Bodies and bikes fuelled we set off. Another old road out of Capel saw us warmed up again. Tight turns, big rocks and adverse cambers saw a number of us having a moment or two. My arms hurt so much at the top I was ready to give up then but the old KTM dummy was not around so I had nothing to spit out. Not sure what Mike E was up too. Perhaps he went back for a second go!

A quick rattle over the stoney track, a bimble down the forestry track and we were back to the superbog. Well actually we took to the road and went back across the graded track we had used earlier. At the end of this we took to a RUPP that I had passed several times before but had never used as I plan routes in unfamiliar areas using only BOATs and UCRs which are generally less arguable. With the forthcoming implementation of NERC in Wales I though that it would be worth a try. As I was it was worth it. Old tractor ruts covered in thistles proved interesting. The UCR at the end proved to be tarred and not what we wanted.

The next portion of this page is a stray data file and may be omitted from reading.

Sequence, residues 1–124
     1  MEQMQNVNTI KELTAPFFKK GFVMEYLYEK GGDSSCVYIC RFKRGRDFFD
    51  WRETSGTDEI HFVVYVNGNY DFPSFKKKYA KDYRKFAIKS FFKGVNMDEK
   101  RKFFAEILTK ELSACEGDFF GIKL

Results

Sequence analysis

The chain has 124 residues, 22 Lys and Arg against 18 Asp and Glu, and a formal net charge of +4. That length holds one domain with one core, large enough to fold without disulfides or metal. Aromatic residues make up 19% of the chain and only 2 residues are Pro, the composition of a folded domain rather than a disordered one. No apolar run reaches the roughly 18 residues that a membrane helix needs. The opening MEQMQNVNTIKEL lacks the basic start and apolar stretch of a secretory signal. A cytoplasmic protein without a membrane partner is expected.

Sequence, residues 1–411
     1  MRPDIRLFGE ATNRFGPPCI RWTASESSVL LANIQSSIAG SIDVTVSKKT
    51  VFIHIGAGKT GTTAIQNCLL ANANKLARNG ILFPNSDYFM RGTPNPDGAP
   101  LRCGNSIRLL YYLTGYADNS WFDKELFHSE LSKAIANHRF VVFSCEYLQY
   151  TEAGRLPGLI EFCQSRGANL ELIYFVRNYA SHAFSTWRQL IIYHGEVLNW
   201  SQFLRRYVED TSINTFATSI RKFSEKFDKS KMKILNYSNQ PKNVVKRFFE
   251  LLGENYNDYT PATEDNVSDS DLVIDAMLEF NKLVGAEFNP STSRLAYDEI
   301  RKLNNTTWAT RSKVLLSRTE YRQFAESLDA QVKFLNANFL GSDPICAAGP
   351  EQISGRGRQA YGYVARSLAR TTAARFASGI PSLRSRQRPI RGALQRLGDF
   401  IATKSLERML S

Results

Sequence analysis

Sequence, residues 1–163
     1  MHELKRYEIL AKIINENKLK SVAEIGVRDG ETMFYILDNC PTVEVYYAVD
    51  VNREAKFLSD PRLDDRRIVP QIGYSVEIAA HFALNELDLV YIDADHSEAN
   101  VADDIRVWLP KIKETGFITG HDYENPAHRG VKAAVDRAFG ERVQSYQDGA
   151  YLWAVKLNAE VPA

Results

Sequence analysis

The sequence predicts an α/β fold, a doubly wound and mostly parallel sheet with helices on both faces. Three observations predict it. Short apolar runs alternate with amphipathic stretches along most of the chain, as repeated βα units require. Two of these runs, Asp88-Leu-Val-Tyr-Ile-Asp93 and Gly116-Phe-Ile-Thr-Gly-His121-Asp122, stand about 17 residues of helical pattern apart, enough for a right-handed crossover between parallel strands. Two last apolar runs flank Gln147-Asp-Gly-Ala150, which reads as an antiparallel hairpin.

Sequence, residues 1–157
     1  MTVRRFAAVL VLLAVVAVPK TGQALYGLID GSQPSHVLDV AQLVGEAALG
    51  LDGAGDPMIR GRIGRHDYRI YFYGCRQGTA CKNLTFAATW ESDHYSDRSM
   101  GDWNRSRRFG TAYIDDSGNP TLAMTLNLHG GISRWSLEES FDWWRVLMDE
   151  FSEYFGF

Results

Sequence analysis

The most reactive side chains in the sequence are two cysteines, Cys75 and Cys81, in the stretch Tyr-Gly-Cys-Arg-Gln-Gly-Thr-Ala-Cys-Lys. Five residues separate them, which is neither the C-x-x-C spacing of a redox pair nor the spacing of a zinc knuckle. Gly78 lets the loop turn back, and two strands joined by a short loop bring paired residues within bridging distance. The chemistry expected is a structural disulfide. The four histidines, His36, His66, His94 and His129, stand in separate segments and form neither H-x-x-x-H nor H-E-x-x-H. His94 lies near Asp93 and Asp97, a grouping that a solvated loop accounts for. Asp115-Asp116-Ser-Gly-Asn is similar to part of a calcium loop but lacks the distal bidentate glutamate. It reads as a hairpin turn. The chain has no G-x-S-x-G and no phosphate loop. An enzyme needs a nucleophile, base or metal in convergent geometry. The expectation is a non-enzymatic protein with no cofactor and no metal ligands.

We now headed off north of the A5 for some new lanes. What we found was great. Long lanes, washed out in places, just muddy enough were worth looking for. Minor entertainment was provided but Taff doing a lovely somersault after clipping a fence post stump whilst going through a gate. Excellent..